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Fertilizer Source and Tillage Effects on Yield-Scaled Nitrous Oxide Emissions in a Corn Cropping System

Venterea, Rodney T., Maharjan, Bijesh, Dolan, Michael S.
Journal of environmental quality 2011 v.40 no.5 pp. 1521
Zea mays, carbon footprint, climate, conventional tillage, corn, cropping systems, emissions, grain yield, growing season, long term effects, nitrates, nitrification, nitrogen fertilizers, nitrous oxide, no-tillage, nutrient use efficiency, planting, slow-release fertilizers, soil, urea, urease inhibitors, Minnesota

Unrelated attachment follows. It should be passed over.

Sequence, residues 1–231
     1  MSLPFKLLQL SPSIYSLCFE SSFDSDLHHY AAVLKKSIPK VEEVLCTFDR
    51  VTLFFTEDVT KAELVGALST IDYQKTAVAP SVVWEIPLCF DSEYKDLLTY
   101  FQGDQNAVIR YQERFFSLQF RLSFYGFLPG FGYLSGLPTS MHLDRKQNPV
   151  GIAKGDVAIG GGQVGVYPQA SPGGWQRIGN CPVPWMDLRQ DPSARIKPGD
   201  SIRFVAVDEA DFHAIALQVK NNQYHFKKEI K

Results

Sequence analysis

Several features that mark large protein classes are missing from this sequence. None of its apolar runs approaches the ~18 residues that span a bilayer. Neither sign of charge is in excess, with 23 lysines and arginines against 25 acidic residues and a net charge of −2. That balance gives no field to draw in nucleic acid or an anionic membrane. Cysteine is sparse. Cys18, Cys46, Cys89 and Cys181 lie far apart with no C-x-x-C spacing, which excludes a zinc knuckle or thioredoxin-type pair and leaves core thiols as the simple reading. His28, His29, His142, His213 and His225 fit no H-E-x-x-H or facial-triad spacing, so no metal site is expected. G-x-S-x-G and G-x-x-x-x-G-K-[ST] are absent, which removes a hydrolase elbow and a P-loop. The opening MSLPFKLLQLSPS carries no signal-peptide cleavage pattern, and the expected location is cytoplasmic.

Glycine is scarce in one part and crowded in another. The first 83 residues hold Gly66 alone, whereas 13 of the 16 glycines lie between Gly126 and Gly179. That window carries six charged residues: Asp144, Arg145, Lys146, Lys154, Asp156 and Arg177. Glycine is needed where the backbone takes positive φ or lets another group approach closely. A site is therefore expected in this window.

Management practices such as fertilizer or tillage regime may affect nitrous oxide (NO) emissions and crop yields, each of which is commonly expressed with respect to area (e.g., kg N ha or Mg grain ha). Expressing NO emissions per unit of yield can account for both of these management impacts and might provide a useful metric for greenhouse gas inventories by relating NO emissions to grain production rates. The objective of this study was to examine the effects of long-term (>17 yr) tillage treatments and N fertilizer source on area- and yield-scaled NO emissions, soil N intensity, and nitrogen use efficiency for rainfed corn (L.) in Minnesota over three growing seasons. Two different controlled-release fertilizers (CRFs) and conventional urea (CU) were surface-applied at 146 kg N ha several weeks after planting to conventional tillage (CT) and no-till (NT) treatments. Yield-scaled emissions across all treatments represented 0.4 to 1.1% of the N harvested in the grain. Both CRFs reduced soil nitrate intensity, but not NO emissions, compared with CU. One CRF, consisting of nitrification and urease inhibitors added to urea, decreased NO emissions compared with a polymer-coated urea (PCU). The PCU tended to have lower yields during the drier years of the study, which increased its yield-scaled NO emissions. The overall effectiveness of CRFs compared with CU in this study may have been reduced because they were applied several weeks after corn was planted. Across all N treatments, area-scaled NO emissions were not significantly affected by tillage. However, when expressed per unit yield of grain, grain N, or total aboveground N, NO emissions with NT were 52, 66, and 69% greater, respectively, compared with CT. Thus, in this cropping system and climate regime, production of an equivalent amount of grain using NT would generate substantially more NO compared with CT.